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Microsoft told security expert Brian Krebs that a company was made aware of four zero-day bugs in “early” January.
A DEVORE researcher, credited with finding two security issues, appears to have reported them on January 5. Going under the handle “Orange Tsai,” the researcher tweeted:
“Just report the pre-auth RCE chain vendor. This might be the most serious RCE I have ever reported.”
According to Volexity, attacks using four zero days may have started as early as January 6, 2021.
Dubex reported suspicious activity on the Microsoft and Exchange servers in the same month.
On March 2, Microsoft released patches to tackle four critical vulnerabilities in the Microsoft Exchange Server software. At the time, the company said that bugs were being actively exploited in “limited, targeted attacks.”
Microsoft Exchange Server is the email inbox, calendar, and collaboration solution. Users range from enterprise giants to small and medium-sized businesses worldwide.
While fixes have been issued, the scope of the potential Exchange Server compromise depends on the speed and uptake of the patches, and over a month on, the security issue continues to persist.
Microsoft is also reportedly investigating potential links between PoC attack code issued privately to the cybersecurity partners and vendors prior to the patch release and exploit tools spotted in the wild, as well as the prospect of an accidental or deliberate leak that prompted a spike in their attacks.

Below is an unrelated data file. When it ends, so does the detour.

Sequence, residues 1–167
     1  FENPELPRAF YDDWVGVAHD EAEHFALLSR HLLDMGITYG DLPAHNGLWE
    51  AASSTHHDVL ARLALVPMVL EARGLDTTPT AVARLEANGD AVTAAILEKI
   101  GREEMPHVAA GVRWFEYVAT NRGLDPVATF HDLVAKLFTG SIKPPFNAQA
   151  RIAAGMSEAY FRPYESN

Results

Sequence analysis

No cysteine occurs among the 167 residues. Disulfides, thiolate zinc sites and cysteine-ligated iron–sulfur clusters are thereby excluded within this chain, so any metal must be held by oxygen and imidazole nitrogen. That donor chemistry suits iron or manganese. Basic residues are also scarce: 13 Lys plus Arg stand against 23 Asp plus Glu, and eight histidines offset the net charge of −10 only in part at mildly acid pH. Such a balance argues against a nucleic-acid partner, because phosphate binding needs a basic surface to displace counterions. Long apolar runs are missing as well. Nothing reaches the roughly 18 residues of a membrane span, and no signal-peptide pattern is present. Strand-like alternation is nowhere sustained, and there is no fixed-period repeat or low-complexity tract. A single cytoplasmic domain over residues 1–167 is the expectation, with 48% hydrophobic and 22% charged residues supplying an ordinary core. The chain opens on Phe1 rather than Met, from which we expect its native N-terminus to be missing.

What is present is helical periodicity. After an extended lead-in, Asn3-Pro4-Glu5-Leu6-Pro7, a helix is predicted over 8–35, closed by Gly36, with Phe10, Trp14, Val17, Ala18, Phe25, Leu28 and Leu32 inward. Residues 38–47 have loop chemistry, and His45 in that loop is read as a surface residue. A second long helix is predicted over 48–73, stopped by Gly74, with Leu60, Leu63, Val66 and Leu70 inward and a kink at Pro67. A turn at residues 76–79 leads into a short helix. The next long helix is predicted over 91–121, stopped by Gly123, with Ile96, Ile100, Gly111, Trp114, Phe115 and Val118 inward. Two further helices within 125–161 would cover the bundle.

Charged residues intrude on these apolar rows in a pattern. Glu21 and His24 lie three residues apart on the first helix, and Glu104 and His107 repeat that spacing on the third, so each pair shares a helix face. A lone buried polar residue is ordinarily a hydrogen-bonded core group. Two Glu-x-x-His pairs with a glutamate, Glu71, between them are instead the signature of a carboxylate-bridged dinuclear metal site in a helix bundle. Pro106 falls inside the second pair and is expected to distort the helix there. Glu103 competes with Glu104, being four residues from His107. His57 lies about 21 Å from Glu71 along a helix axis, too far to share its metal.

What are the vulnerabilities and why are they important?
The critical vulnerabilities, known together as their ProxyLogon, impact on-premise Exchange Server 2013, Exchange Server 2016, and Exchange Server 2019. However, Exchange Online is not affected.
Microsoft is also updating Exchange Server in 2010 for “defense-in-depth purposes.”
- CVE-2021-26855: CVSS 9.1: the Server Side Request Forgery (SSRF) vulnerability leading to the crafted HTTP requests being sent by unauthenticated attackers. Servers need to be able to accept untrusted connections over port 443 for bugs to be triggered.
- CVE-2021-26857: CVSS 7.8: the insecure deserialization vulnerability in an Exchange Unified Messaging Service, allowing arbitrary code deployment under SYSTEM.
- CVE-2021-26858: CVSS 7.8: the post-authentication arbitrary file writes vulnerability to write to the paths.
- CVE-2021-27065: CVSS 7.8: the post-authentication arbitrary file writes vulnerability to write to the paths.
If used in the attack chain, all of these vulnerabilities can lead to Remote Code Execution (RCE), server hijacking, backdoors, data theft, and potentially further malware deployment.
In summary, Microsoft says that the attackers secure access to the Exchange Server either through these bugs or stolen credentials and they can then create a web shell to hijack the system and execute commands remotely.